Thanks to the ongoing warming of relations between Cuba and the U.S., Americans may soon have access to a groundbreaking vaccine against lung cancer called Cimavax. Though Cubans have had access to the drug since 2011, it has remained unavailable to most Americans thanks to the longstanding U.S. trade embargo on the Caribbean island. A new agreement between the U.S.-based Roswell Park Cancer Institute and Cuba’s Center for Molecular Immunology, which was finalized during New York Governor Andrew Cuomo’s diplomatic mission to Havana last month, promises to change that however.
As per the agreement, Cimavax will soon be made available to the U.S. Food and Drug Administration for evaluation. The Center for Molecular Immunology, the Cuban research agency which created the vaccine, is sharing information regarding the drug’s production process, toxicity levels and past clinical trials in an effort to speed up the FDA’s assessment process. Pending the drug’s eventual approval, Candace Johnson, CEO of Roswell Park, expects development of an American version of the vaccine to begin within the year.
Cimavax isn’t an outright lung cancer cure; it’s a preemptive treatment designed to manage the disease’s growth. By attacking a harmful protein produced by tumors, the vaccine can prolong a lung cancer patient’s life by four to six months -according to a 2008 study.
In Cuba, where lung cancer is the fourth-leading cause of death among a population attached to their internationally renowned cigars, Cimavax has been a godsend. The drug was developed by Cuban researchers over the course of 25 years as part of the Castro government’s Biological Front program -a longterm biotechnology and medical research initiative that has yielded numerous breakthroughs, including vaccines for meningitis B and hepatitis B. Like all healthcare services on the Caribbean nation, Cimavax is available to all Cubans free of charge and is produced by the Cuban government at an impressively low cost of $1 per shot.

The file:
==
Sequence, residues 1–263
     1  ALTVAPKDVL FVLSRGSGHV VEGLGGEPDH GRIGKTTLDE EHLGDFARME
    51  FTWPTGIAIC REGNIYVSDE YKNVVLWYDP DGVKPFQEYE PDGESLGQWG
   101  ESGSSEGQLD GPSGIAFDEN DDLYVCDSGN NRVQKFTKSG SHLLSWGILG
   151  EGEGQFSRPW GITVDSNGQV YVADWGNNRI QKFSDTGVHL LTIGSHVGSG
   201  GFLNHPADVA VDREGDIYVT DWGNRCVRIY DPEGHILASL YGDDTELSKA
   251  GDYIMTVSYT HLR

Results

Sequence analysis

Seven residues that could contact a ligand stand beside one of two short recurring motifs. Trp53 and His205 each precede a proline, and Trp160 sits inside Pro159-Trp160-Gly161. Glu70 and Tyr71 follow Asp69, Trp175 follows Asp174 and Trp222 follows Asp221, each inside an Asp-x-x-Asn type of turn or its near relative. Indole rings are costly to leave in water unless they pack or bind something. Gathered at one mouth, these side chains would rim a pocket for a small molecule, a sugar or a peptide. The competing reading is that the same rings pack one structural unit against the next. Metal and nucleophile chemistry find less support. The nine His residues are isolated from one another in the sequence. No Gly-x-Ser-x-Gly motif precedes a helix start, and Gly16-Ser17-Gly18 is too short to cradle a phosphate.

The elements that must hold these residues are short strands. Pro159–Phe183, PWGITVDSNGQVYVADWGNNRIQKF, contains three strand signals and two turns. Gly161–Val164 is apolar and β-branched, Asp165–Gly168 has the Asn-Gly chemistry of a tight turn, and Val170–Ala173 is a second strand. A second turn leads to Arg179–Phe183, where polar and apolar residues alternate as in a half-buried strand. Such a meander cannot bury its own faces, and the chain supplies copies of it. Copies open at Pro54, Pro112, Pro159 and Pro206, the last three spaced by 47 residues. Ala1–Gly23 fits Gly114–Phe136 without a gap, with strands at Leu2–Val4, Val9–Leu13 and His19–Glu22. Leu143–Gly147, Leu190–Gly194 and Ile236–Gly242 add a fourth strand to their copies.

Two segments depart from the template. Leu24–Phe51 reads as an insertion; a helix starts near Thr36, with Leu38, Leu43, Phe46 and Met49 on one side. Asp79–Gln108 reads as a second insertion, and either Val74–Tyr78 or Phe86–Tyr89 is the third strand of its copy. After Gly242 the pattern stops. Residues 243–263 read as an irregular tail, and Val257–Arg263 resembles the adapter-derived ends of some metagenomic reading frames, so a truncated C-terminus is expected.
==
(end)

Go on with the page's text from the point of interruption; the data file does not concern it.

Cuban medical research programs and healthcare policies have been widely lauded. “Cuba is the only country that has a healthcare system closely linked to research and development,” Margaret Chan, Director-General of the World Health Organization (WHO), explained during a trip to Havana last summer. She also particularly praised the Cuban government’s focus on securing cost effective preventative treatments for its population, stressing that Cuba’s healthcare system serves as a role model to other cash strapped developing nations. The Castro regime spends significantly less money than the U.S. government does on healthcare per individual and yet delivers comparable, and in many cases superior, outcomes, a reality which serves as an indictment of the U.S.’s dysfunctional private healthcare and health insurance industries as much as it is a vindication of Cuba’s socialized system. With a relatively high life expectancy of 78 years, Cubans continue to live longer on average than most other populations in the Americas.
Echoing Chan’s earlier praises, Johnson described the Cuban healthcare system: “They’ve had to do more with less… so they’ve had to be even more innovative with how they approach things. For over 40 years, they have had a preeminent immunology community.”
Significant obstacles to further collaboration between American and Cuban medical researchers remain due to the U.S. continuing trade embargo on the island nation.